By Marie Cocco
The fledgling congressional movement to strip power from Rumsfeld and shift it to the U.S. generals in Iraq is nothing more than a ploy started by a politician afraid of losing his job.
WASHINGTON—Politicians say the darndest things. They’re most cynically amusing—or distressingly annoying—when their comfortable seats are in jeopardy and they are hogtied by political circumstances they can’t control.
So it is that we have the latest, most convoluted—most comical—way to try to get rid of Donald Rumsfeld: Cut the guy out of the action.
Republicans on Capitol Hill have effectively blocked Democrats from staging a true “no confidence’’ vote against the petulant defense secretary. The dysfunctionally stubborn President Bush wouldn’t think of throwing overboard a member of his war Cabinet who cooked up and executed so many of the mistakes that have brought us a gruesome countdown to civil war in Iraq and a return of the Taliban to Afghanistan. For Bush to dump Rumsfeld, the president would have to be convinced that only an October surprise of such embarrassing magnitude might convince voters to keep Republicans in charge of everything.
Short of a presidential firing or other dramatic manipulation (9/11 pageantry doesn’t count, because the public will have changed the channel by November), Republicans are saddled with Bush’s unpopular and unwon wars. So they must find some way to save their skins.
And that brings us to the ingenious gambit by Rep. Curt Weldon (R-Pa.), a veteran congressman in an unexpectedly tough fight to hang on to his district in the southern suburbs of Philadelphia. Weldon is trying to get his House colleagues to support a nonbinding resolution—still only a draft—that would give sole authority on withdrawing American troops from Iraq to the generals in the field. It is, he says, an effort to get some long-awaited “benchmarks’’ for success (a buzzword first popularized in the Iraq war debate by the alleged “defeatist’’ Democrats)—and let the generals decide when they’ve been met.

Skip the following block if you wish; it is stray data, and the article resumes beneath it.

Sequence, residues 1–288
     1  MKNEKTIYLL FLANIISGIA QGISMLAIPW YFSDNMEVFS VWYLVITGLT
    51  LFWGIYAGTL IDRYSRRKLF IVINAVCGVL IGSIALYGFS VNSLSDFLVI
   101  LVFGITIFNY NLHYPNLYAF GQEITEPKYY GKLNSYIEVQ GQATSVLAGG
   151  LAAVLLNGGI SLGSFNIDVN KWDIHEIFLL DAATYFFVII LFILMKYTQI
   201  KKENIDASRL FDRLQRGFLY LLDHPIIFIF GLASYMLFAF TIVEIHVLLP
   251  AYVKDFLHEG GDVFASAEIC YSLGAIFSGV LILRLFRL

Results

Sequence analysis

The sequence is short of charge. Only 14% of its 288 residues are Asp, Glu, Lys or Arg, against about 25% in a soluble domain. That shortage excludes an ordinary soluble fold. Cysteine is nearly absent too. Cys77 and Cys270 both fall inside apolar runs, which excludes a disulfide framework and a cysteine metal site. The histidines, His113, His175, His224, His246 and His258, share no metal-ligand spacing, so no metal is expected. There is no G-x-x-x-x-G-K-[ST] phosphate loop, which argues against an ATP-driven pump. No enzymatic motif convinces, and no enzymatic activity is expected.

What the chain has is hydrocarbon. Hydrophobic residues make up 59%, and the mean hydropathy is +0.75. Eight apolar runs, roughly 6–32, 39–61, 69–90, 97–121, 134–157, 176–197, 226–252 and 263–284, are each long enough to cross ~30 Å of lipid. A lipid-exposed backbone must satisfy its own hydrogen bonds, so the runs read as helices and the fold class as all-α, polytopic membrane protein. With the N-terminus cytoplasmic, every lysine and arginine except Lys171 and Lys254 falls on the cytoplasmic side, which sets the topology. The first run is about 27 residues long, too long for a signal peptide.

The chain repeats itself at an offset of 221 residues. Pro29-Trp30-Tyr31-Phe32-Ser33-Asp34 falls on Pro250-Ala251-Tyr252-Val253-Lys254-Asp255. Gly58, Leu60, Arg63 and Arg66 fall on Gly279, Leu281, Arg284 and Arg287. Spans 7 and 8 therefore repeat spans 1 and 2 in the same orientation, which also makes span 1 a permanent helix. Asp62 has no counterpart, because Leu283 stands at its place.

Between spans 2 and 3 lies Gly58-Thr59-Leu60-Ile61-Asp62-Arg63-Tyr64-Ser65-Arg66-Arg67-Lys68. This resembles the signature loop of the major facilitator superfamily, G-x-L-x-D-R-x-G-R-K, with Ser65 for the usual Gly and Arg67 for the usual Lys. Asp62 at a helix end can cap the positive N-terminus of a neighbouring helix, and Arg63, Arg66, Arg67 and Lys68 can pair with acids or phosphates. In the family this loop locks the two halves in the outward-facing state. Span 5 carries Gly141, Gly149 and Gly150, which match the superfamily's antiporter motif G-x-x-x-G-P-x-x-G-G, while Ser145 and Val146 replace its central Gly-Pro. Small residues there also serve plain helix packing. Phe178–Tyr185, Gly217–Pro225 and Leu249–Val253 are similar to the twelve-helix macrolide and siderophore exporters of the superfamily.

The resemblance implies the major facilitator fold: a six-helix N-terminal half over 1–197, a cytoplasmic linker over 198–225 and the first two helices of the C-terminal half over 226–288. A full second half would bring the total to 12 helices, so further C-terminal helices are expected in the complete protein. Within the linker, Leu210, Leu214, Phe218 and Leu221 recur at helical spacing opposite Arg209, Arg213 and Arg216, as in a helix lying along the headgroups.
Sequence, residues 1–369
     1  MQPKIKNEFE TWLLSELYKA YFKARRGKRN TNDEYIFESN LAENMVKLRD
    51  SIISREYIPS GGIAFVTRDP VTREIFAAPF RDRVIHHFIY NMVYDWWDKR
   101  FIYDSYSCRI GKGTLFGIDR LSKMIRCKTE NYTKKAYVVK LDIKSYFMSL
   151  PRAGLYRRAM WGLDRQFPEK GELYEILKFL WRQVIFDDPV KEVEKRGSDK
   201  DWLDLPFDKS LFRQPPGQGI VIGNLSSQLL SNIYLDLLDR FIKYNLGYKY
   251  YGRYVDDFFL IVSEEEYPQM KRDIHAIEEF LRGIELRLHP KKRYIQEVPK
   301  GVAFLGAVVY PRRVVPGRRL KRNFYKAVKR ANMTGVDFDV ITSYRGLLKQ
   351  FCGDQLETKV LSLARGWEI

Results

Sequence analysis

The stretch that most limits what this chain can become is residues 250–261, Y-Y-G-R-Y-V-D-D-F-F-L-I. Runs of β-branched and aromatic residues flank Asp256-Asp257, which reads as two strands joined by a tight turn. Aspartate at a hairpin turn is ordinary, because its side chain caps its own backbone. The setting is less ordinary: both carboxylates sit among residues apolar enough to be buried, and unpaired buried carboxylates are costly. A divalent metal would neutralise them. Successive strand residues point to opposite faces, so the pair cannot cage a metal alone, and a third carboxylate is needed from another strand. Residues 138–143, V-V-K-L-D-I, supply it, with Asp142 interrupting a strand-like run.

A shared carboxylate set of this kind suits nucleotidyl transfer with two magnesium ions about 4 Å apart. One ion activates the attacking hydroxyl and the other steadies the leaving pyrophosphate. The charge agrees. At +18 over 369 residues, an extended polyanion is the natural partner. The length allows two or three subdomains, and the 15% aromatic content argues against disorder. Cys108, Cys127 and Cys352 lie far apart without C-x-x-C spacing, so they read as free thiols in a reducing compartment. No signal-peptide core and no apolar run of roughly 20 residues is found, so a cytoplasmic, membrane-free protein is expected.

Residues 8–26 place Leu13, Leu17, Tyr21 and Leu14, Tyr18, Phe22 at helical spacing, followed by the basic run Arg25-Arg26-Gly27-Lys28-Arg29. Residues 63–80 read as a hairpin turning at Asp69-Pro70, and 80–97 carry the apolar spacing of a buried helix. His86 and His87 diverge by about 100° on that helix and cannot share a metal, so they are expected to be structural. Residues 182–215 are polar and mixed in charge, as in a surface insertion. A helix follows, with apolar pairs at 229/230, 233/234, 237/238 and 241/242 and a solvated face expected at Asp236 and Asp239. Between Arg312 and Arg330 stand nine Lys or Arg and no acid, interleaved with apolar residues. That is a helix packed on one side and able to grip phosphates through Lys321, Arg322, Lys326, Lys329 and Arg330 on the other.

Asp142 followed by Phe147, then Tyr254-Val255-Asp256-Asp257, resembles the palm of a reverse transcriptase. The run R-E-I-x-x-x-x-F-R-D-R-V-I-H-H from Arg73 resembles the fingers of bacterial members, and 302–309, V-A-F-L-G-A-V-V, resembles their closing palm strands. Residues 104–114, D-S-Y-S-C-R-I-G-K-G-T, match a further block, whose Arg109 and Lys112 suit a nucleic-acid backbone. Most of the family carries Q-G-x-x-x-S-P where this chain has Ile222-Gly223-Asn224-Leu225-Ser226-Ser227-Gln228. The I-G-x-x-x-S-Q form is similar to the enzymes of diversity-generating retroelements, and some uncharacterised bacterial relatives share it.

“The decision to bring the troops home will not be made by Donald Rumsfeld,’’ Weldon said in an MSNBC interview on Friday. Nor, he added helpfully, would Dick Cheney be in charge.
That leaves the decider in chief watching from the Oval Office as the generals take over. Some have pointed out, correctly, that the Constitution gives the president sole power to command the armed forces precisely because the founders wanted a nation in which the elected civilian leadership—not a king or, heavens knows, the military—has this authority. But since the resolution would be nonbinding, it certainly isn’t going to provoke a constitutional crisis.
The Weldon effort should be seen for what it is: a political maneuver by a politician who’s worried about losing his seat—but who quivers, still, at the thought of directly taking on his president and his party’s leadership. Still, Weldon gives us a useful way to assess just how boxed in we are by the bloody mess the Bush administration has created, and how the whole nation is bound by the president’s rigid adherence to loyalty in the face of failure.
In a parliamentary system, the Bush government would long ago have faced a no-confidence vote, and probably been toppled by it. British Prime Minister Tony Blair is stepping down next year and was forced to make the announcement prematurely because he’s lost the support of his own Labor Party.
The American founders instead set up checks and balances to constrain presidential power. Nowhere in this scheme does an independent military have an equal role with Congress or the judiciary. Gen. Douglas MacArthur, after all, was not free to expand the Korean conflict into China.
The checking and balancing in our system must be done by people such as Weldon—and this, tragically, hasn’t been done for the past four years. Weldon, the second-ranking Republican on the House Armed Services Committee, had ample opportunity to make known his dissatisfaction with Rumsfeld. Though the Pentagon chief is most closely associated with the debacle in Iraq, the deterioration of much of Afghanistan into a lawless frontier with resurgent terrorism can be laid at Rumsfeld’s door, too.
The public can’t fire the defense secretary; only the president can. We could have fired the president in 2004 and instead rehired him. Only lawmakers like Weldon now stand to be dumped because of their association with Bush and his wars.
It may well be unfair to single out any lawmaker, Democrat or Republican, for supporting presidential folly. But Weldon, whose district includes a fair number of blue-collar manufacturing towns, surely knows this truism: Layoffs hit the shop floor first.
Marie Cocco’s e-mail address is mariecocco(at symbol)washpost.com.